Those considering a joint life insurance policy are often married, or co-habiting, couples with dependants they want to protect should they die, or suffer a critical illness.
But joint policies can be useful for any kind of interdependent relationship, such as business partners, where if one of the partners dies the other will face financial pressure.
What do I get for my money with a joint life insurance policy?
Joint life insurance policies usually pay out a lump sum or monthly income after the first death but then cover for the surviving partner is ended and no further payment will be triggered when they die.
Because a joint policy covers two people, and the probability of the insurance company having to pay out a death claim is higher, the premiums will be more expensive than taking out individual cover for one person.
In the past, to try and save money on premiums, people often took out an individual life insurance policy for the main breadwinner in the family.
But these days, most families rely on two incomes and so both need to be protected if the surviving spouse and children are to manage in the event of one of them dying.
Taking out a joint life insurance policy is a good way to do this for you and your partner and will usually be cheaper than taking out two individual policies - but there are drawbacks.
So if a joint policy is cheaper, why bother with two individual policies?
Security - With a joint policy, a payment is only made on the first death. At this stage the surviving partner can choose to take out their own individual life insurance policy, but if they are of advancing years or have health problems, this could be expensive.
Double cover - In the case of a husband and wife, if both were to die together, for example in a car crash, any children left behind would only benefit from one payment. If two individual policies had been taken out, they would have got twice the cover.
Tax issues - Individual policies can be geared to sidestep inheritance tax. Any payments can be easily put in trust for children, so they will not count towards the inherited estate. This is more difficult with joint life insurance policies.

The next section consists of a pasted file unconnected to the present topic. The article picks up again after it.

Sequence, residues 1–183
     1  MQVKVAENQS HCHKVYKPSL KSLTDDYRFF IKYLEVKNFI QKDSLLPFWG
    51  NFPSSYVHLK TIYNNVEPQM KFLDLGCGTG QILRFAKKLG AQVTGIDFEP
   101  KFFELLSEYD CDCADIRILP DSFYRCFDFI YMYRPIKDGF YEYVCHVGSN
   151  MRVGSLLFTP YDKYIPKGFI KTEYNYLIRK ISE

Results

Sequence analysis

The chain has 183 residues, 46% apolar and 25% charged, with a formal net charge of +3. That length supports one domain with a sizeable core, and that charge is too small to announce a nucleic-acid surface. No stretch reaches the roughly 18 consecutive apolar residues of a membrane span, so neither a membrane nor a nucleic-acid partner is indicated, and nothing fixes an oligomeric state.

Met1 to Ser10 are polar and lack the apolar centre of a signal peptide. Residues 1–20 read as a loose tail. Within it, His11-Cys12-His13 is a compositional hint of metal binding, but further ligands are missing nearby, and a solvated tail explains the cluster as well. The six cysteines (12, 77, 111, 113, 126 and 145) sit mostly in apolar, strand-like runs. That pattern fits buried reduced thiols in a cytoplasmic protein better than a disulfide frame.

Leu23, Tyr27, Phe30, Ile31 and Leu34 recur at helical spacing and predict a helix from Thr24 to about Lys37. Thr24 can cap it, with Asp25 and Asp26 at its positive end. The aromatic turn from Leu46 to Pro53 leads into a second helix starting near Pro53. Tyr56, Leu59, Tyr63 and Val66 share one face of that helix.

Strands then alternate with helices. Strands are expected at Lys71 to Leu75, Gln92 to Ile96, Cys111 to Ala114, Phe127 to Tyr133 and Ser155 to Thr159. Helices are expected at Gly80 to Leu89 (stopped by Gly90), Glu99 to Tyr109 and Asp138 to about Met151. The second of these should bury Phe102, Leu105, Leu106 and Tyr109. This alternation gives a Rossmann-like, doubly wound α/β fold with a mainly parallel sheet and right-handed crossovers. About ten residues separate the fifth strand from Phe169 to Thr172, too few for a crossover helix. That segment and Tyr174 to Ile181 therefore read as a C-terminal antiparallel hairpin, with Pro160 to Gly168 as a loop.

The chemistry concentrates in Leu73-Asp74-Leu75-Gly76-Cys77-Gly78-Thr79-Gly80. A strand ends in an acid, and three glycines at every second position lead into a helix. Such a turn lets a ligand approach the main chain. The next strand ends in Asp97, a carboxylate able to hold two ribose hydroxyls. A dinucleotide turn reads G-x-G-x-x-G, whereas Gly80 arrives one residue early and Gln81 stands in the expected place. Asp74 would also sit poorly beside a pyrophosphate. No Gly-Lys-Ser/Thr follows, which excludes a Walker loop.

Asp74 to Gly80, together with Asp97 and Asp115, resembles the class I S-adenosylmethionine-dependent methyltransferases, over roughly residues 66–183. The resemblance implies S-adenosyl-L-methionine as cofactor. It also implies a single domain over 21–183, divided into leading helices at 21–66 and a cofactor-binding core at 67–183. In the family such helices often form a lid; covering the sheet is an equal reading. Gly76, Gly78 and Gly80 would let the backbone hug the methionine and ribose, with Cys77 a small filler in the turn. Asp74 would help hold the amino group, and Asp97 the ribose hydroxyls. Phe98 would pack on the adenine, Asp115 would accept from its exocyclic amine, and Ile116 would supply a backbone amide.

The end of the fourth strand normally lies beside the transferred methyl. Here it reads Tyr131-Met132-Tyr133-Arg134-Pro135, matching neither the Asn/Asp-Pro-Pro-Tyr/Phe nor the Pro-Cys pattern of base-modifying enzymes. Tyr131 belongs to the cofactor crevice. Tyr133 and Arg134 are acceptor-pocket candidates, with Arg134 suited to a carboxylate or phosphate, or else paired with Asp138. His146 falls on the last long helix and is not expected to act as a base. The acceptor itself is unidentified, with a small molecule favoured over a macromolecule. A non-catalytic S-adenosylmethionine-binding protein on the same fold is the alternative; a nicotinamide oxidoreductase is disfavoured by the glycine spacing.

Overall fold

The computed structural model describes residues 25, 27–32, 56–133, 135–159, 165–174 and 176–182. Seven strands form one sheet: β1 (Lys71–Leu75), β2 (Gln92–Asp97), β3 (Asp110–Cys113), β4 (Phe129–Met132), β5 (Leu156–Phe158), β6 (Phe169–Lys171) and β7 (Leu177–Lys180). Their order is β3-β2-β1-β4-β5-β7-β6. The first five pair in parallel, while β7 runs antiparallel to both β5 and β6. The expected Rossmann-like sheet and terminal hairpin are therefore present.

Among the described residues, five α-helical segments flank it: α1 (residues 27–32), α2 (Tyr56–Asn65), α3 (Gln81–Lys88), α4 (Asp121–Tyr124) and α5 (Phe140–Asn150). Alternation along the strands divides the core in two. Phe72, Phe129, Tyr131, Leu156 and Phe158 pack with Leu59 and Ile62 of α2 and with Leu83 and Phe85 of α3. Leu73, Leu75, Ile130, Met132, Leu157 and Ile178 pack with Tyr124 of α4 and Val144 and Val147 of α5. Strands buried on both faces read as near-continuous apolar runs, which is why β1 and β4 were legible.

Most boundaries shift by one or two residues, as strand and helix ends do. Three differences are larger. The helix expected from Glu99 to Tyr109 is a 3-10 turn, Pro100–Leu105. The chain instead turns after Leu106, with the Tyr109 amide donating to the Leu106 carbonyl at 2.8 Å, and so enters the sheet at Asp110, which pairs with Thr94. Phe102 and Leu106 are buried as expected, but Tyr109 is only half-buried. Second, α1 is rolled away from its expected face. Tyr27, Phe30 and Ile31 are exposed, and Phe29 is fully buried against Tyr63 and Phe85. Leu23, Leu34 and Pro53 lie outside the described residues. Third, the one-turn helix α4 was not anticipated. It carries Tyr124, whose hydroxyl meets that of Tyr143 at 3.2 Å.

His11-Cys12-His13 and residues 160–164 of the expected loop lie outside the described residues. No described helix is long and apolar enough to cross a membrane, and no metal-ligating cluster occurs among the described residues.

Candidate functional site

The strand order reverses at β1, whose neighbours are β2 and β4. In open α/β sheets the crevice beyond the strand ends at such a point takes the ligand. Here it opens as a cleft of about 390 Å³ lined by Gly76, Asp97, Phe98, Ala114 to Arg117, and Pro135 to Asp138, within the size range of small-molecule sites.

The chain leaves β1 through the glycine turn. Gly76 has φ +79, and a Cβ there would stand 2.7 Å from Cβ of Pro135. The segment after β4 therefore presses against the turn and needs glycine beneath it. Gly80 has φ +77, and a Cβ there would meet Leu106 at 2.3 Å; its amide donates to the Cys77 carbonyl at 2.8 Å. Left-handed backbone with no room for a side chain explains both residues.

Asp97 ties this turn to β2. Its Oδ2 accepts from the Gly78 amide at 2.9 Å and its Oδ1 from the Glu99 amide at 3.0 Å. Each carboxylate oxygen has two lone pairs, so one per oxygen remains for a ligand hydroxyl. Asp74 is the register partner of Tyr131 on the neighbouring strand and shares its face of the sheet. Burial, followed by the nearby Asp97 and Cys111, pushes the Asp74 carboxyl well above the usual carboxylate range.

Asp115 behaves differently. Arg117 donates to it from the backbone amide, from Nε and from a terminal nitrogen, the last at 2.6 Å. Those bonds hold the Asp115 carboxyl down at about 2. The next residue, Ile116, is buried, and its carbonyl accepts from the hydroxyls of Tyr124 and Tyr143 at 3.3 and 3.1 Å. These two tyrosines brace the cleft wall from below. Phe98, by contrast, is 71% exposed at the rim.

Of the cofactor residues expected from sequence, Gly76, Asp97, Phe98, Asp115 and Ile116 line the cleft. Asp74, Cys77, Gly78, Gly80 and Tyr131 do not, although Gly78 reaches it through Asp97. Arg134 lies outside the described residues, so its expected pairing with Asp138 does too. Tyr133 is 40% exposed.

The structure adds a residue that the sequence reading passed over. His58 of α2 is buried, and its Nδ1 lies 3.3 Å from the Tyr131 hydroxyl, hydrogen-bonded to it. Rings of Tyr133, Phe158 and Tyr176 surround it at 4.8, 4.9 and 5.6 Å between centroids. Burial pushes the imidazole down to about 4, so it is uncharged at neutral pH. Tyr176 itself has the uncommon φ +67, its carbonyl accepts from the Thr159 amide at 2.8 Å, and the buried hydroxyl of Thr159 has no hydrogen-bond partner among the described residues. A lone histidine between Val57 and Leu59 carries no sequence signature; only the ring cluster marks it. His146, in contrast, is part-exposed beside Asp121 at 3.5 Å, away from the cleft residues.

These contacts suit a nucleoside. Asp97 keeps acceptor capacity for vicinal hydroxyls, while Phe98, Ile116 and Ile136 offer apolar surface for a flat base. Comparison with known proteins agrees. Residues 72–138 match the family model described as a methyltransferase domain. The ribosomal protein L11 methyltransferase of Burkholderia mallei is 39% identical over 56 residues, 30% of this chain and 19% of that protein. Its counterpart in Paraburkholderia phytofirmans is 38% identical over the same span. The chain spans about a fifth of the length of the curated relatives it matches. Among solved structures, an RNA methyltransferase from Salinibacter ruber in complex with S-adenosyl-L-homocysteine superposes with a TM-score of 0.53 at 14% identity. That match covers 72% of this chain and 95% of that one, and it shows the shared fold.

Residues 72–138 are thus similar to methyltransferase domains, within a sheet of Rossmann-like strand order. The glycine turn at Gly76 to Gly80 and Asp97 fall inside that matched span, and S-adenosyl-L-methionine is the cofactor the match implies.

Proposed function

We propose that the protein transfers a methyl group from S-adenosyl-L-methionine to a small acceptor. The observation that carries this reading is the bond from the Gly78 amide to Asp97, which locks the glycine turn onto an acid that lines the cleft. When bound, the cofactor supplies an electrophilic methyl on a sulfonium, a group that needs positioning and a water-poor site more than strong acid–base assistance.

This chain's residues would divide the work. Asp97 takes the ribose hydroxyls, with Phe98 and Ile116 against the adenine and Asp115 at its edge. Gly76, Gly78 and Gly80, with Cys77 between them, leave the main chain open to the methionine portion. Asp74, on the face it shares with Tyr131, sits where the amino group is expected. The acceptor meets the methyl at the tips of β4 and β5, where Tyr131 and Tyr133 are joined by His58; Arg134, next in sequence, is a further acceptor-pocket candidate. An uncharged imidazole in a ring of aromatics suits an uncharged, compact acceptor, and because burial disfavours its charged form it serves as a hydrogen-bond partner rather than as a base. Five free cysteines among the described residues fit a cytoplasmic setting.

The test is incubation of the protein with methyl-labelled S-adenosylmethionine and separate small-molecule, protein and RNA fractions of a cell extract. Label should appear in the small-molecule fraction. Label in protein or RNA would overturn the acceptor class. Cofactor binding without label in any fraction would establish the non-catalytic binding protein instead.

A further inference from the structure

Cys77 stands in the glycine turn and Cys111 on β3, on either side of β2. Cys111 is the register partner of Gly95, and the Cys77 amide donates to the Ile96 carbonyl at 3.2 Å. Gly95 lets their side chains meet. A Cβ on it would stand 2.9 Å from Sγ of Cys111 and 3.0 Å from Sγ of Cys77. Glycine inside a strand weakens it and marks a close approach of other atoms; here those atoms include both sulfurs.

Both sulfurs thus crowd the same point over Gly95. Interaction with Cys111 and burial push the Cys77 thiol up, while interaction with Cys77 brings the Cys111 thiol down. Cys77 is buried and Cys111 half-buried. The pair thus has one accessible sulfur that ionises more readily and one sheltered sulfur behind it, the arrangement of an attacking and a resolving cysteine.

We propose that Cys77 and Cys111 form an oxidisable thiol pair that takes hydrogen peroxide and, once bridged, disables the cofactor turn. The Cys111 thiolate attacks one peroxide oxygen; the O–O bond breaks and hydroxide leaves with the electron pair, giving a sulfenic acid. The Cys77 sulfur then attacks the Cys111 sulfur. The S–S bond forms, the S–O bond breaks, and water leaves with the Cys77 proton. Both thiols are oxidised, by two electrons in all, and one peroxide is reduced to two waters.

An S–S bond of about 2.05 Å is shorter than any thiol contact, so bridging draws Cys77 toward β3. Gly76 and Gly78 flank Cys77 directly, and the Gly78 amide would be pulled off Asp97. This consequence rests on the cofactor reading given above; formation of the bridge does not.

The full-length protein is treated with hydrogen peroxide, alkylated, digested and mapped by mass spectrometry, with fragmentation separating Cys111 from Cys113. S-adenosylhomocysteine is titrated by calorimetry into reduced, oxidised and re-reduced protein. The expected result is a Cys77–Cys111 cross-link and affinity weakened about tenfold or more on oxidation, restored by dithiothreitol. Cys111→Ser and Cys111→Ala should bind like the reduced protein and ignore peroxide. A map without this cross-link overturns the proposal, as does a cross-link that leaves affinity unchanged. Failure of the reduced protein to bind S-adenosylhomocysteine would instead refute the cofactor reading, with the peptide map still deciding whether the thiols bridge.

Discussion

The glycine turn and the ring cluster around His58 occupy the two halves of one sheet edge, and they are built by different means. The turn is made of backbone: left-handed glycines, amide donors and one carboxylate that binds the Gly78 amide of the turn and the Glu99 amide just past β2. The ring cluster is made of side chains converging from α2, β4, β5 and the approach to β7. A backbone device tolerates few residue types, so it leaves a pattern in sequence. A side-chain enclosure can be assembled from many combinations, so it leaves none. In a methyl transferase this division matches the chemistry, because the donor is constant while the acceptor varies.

Separation - Probably second on the list of subjects most couples might not want to discuss, behind death, is break-ups. But joint life insurance policies can be difficult to divide up in the case of divorce or separation and can lead to problems if one person decides they don’t want to continue paying the premiums. Another common bone of contention is who inherits the payments in the event of death, especially if new partners and children are involved.
Key points to be aware of on life insurance policies
- The advantages of joint life cover are that it pays out, regardless of which partner dies, and is cheaper than taking out two individual life insurance policies. It may be good for young couples who are trying to save money on premiums, or for business partners.
- Joint cover offers extra protection over taking out just one individual policy for the main breadwinner. Even where one person may stay at home to look after the kids, it is usually worth having some cover for them as if they were to die, childcare costs could be a significant burden.
- Where the salaries of each partner in the home are vastly different, it may be worth taking out two individual policies - one each. These can be tailored to provide adequate cover for each person.
- Taking out two individual policies of the same amount will cost more than the equivalent joint policy, but provides double the cover.
- For further information read Confused.com’s online guide to working out how much life insurance you need or use our life insurance glossary to better understand the different terms used.
Find out more about life insurance